New York Governor's Race Heats Up
ARI SHAPIRO, host:
And now to a different sort of shake-up - in the New York governor's race, where the Republican candidate, Carl Paladino, nearly came to blows with a reporter this week.
NPR's Robert Smith has the details.
ROBERT SMITH: Most candidates try not to lose their cool. But Republican Carl Paladino wears his anger like a campaign button.
Mr. CARL PALADINO (R-NY, Gubernatorial Candidate): They say I'm too blunt. Well, I am - and I don't apologize for it.
(Soundbite of cheering)
SMITH: In his quest to become governor, Paladino usually rages against health-care reform, high taxes, dysfunctional state government. Now, all of a sudden, he was letting loose his anger on another person - and a reporter for the New York Post, no less.
Mr. FRED DICKER (Reporter, New York Post): You first made the charge.
Mr. PALADINO: You send another goon to my daughter's house and I'll take you out, buddy.
Mr. DICKER: You're going to take me out?
Mr. PALADINO: Yeah.
Mr. DICKER: How are you going to do that?
Mr. PALADINO: Watch.
SMITH: Another candidate might have come back and apologized, but not Paladino. With a little swagger, he argued last night that the Post reporter, Fred Dicker, had sent cameras to take pictures of his 10-year-old daughter, and he was simply being a protective dad. And as for that threat? Paladino explained to the TV station New York One what it means to quote, take somebody out.
Mr. PALADINO: I've been using that phrase since the beginning of the campaign. I said, I'm going to take out the trash; I'm going to take out this government; I'm going to take out the other trash in Albany. And I hold guys like Mr. Dicker as part of that trash.
SMITH: That kind of anger has been a defining tactic of the Tea Party movement, which supports Paladino. The millionaire businessman from Buffalo captured the frustration of upstate residents, who have been hit hard by the recession. And he used that anger to surprise the Republican establishment in this state, and win the primary.
Mr. PALADINO: The liberal elite, they're still calling me every name in the book. They say I'm an angry man - and that's true. We're all angry.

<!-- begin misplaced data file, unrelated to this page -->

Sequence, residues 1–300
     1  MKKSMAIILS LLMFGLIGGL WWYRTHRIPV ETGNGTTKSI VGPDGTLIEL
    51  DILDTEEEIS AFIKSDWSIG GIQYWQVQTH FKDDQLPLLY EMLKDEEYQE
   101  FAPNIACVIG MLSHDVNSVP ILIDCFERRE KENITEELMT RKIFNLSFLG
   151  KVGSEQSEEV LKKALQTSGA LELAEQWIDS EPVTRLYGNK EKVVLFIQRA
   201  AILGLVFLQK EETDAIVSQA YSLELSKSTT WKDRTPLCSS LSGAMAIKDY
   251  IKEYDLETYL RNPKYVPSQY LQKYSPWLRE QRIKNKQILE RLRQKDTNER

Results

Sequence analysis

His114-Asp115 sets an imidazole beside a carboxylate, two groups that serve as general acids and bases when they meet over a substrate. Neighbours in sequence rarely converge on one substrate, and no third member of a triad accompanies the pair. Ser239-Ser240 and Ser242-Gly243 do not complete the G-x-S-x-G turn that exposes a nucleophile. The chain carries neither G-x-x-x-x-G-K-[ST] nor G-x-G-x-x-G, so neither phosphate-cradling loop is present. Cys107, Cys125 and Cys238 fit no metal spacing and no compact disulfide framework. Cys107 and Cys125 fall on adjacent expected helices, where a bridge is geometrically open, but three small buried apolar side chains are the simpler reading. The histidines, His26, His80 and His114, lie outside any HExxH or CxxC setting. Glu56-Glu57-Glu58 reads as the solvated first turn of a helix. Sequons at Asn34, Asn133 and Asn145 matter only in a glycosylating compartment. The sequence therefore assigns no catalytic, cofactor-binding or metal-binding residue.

SMITH: Paladino's Democratic opponent, Andrew Cuomo, also used to be known for his quick temper. He was always ready to hit back when he was working for the campaigns of his father, Mario Cuomo. But now, Andrew practices an almost Zen-like approach to campaigning: calm, serious, barely confrontational. This week, he had to justify not being angry enough.
Mr. ANDREW CUOMO (Democratic Candidate, New York Governor): You know, anger -anger only takes you so far, right? They don't really want someone to yell with them. They want someone to hear what they are saying, but then do something about it.
SMITH: Still, it's undeniable that a little ire has its political advantages. Cuomo's overconfident campaign got a shock recently when at least one poll showed Paladino within six points of him. And all of a sudden this week, Cuomo was up and engaging Paladino for the first time.
Mr. CUOMO: Look at this ticket that is being run, and you have an extremist, out-of-touch platform - and New Yorkers have to know about it.
SMITH: And as for the Republican, Paladino, the angry rhetoric has allowed him to defend and survive one scandal after another. Paladino admitted, for instance, having an affair, and a child out of wedlock. But after the tabloids started to run with it, Paladino lashed out. He blamed the media, and then he insinuated that Cuomo may have had affairs too, back before he was divorced.
Post reporter Fred Dicker was asking about that unfounded allegation when the big confrontation started. So the question remains: With the video of an angry Paladino all over TV and the Internet, is there a limit to how much outrage the public can stomach?
New York's current Democratic governor, David Paterson, says he actually sympathizes with Paladino. He, too, has tussled with reporters over rumors of affairs. But he told radio station WOR that the confrontation, in the end, hurts the Republican.
Governor DAVID PATTERSON (Democrat, New York): It sounds to me as if he's having trouble coping with the pressure that it takes to be a governor, or to run for governor.
SMITH: But that same confrontation looks different from the more conservative districts of New York. Mark Barrie, chairman of the Upstate New York Tea Party, says that Paladino's in-your-face style resonates with a lot of people.
Mr. MARK BARRIE (Chairman, Upstate New York Tea Party): Yes, civility would be nice. But in times of war - and this is definitely a political war - that goes by the wayside fairly quickly.
SMITH: The willingness to fight, Barrie says, is why they supported him in the first place.
Robert Smith, NPR News, New York.
(Soundbite of music)
SHAPIRO: You're listening to MORNING EDITION, from NPR News.
NPR transcripts are created on a rush deadline by a contractor for NPR, and accuracy and availability may vary. This text may not be in its final form and may be updated or revised in the future. Please be aware that the authoritative record of NPR’s programming is the audio.